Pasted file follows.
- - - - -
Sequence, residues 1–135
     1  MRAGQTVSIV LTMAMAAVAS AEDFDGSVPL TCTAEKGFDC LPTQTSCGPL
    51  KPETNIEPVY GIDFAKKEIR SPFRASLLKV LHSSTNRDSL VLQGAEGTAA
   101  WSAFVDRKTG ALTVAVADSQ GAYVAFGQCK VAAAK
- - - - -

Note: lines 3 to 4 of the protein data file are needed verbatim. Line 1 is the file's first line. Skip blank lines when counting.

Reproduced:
    51  KPETNIEPVY GIDFAKKEIR SPFRASLLKV LHSSTNRDSL VLQGAEGTAA
   101  WSAFVDRKTG ALTVAVADSQ GAYVAFGQCK VAAAK